This paper provides an example where sensible conclusions made in partial equilibrium are offset by general equilibrium effects. We study the impact of an intervention that distributed information on urban market prices of food crops through rural radio stations in Uganda. Using a differences-in-differences approach and a partial equilibrium assumption of unaffected urban market prices, the conclusion is the intervention lead to a substantial increase in average crop revenue for farmers with access to the radio broadcasts, due to higher farm-gate prices and a higher share of output sold to traders. This result is consistent with a simple model of the agricultural market, where a small-scale policy intervention  effects the willingness to sell by reducing information frictions between farmers and rural-urban traders. However, as the radio broadcasts were received by millions of farmers, the intervention had an aggregate effect on urban market prices, thereby falsifying the partial equilibrium assumption and conclusion. Instead, and consistent with the model when the policy intervention is large-scale, market prices fell in response to the positive supply response by farmers with access to the broadcasts, while crop revenues for farmers without access decreased as they responded to the lower price level by decreasing market participation. When taking the general equilibrium effect on prices and farmers without access to the broadcasts into account, the conclusion is the intervention had no impact on average crop revenue, but large distributional consequences.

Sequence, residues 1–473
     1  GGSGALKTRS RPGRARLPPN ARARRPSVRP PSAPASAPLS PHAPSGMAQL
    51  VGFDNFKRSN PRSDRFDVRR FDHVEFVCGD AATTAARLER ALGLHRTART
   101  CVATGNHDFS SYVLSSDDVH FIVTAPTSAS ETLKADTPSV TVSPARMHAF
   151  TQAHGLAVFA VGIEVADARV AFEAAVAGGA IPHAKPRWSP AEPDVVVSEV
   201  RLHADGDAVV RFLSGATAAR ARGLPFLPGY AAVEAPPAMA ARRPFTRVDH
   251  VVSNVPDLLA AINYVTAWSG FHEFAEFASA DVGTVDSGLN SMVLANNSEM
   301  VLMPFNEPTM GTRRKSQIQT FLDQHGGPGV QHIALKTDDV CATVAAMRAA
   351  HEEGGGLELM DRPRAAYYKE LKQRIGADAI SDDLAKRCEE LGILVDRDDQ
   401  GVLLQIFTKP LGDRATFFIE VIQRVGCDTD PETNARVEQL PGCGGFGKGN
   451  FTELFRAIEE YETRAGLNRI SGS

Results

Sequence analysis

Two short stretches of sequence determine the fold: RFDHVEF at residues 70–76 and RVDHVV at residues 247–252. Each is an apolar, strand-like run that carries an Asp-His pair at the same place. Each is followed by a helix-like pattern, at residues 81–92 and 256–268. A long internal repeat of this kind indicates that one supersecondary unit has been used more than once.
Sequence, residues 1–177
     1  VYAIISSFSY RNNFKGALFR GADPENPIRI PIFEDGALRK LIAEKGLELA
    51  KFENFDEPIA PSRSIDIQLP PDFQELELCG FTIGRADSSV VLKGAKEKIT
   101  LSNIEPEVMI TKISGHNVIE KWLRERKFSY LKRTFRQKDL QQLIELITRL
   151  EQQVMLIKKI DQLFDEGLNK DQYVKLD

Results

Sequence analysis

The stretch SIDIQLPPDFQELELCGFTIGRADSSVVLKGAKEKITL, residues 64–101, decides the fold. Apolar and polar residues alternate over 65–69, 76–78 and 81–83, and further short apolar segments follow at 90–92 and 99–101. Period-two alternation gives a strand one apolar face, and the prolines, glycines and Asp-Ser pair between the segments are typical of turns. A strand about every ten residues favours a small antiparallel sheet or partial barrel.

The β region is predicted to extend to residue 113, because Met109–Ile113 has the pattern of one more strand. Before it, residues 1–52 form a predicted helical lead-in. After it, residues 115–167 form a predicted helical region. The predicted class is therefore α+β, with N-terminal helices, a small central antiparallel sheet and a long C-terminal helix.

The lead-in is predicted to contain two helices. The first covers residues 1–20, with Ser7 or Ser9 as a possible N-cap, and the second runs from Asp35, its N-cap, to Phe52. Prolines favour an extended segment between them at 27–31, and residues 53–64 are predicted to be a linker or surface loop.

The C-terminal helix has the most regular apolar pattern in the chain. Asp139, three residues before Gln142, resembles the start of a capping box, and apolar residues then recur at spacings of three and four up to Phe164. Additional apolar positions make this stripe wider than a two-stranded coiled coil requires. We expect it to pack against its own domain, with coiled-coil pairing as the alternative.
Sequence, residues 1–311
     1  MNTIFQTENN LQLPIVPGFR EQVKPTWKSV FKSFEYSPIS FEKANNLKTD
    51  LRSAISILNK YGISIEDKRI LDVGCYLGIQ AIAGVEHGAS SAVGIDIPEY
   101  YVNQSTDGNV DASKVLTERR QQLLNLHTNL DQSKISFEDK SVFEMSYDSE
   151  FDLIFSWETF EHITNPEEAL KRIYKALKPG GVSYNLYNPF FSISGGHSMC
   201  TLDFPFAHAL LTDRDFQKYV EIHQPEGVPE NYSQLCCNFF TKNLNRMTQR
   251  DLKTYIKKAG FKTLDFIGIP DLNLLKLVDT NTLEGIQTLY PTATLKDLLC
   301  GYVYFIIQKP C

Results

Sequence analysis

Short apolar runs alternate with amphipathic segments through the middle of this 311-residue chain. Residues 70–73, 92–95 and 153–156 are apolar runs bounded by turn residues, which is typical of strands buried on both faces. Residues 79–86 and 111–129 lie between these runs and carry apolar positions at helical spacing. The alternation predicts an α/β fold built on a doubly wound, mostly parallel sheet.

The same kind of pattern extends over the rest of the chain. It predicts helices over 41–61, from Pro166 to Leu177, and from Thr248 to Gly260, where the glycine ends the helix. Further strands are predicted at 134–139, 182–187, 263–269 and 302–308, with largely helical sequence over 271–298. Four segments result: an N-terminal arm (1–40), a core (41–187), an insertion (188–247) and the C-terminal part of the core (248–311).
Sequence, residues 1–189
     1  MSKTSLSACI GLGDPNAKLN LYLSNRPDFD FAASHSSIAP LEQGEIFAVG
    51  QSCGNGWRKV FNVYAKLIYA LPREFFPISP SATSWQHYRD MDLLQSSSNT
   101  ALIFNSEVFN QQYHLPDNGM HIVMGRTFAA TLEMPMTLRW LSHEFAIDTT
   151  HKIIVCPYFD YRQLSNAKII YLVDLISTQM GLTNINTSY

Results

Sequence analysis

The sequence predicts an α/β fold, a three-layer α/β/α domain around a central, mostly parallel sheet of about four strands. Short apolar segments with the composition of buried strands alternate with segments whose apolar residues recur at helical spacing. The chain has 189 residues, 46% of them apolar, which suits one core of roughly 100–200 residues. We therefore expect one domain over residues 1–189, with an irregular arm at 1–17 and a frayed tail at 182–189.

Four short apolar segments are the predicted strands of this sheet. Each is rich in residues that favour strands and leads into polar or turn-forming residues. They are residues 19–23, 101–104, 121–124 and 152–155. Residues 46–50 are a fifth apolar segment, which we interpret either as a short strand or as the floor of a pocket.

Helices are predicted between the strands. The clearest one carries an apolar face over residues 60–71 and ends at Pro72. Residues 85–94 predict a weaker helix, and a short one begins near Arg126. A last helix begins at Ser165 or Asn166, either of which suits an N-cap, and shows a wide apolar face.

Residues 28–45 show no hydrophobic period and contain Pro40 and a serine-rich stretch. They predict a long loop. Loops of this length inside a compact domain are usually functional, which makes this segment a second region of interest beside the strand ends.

Yanagizawa-Drott, David, and Andreas Madestam. 2012. “Shaping the Nation: The Effect of Fourth of July on Political Preferences and Behavior in the United States”.Abstract

This paper examines whether social interactions and cultural practices affect political views and behavior in society. We investigate the issue by documenting a major social and cultural event at different stages in life: the Fourth of July celebrations in the United States during the 20th century. Using absence of rainfall as a proxy for participation in the event, we find that days without rain on Fourth of July in childhood shift adult views and voting in favor of the Republicans and increase turnout in presidential elections. The effects we estimate are highly persistent throughout life and originate in early age. Rain-free Fourth of Julys experienced as an adult also make it more likely that people identify as Republicans, but the effect depreciates substantially after a few years. Taken together, the evidence suggests that political views and behavior derive from social and cultural experience in early childhood, and that Fourth of July shapes the political landscape in the Unites States.

Bjorkman-Nyqvist, Martina, Jakob Svensson, and David Yanagizawa-Drott. 2012. “The market for (fake) antimalarial medicine: evidence from Uganda”.Abstract

Counterfeit and sub-standard antimalarial drugs present a growing threat to public health. This paper investigates the mechanisms that determine the prevalence of fake antimalarial drugs in local markets, their effects, and potential interventions to combat the problem. We collect drug samples from a large set of local markets in Uganda using covert shoppers and employ Raman spectroscopy to test for drug quality. We find that 37 percent of the local outlets sell fake antimalarial drugs. Motivated by a simple model, we conduct a market-level experiment to test whether authentic drugs can drive out fake drugs from the local market. We find evidence of such externalities: the intervention reduced prevalence of substandard and counterfeit drugs in incumbent outlets by half. We also provide suggestive evidence that misconceptions about malaria lead consumers to overestimate antimalarial drug quality, and that opportunistic drug shops exploit these misconceptions by selling substandard and counterfeit drugs. Together, our results indicate that high quality products can drive out low quality ones, but the opposite is true when consumers are less able to infer product quality.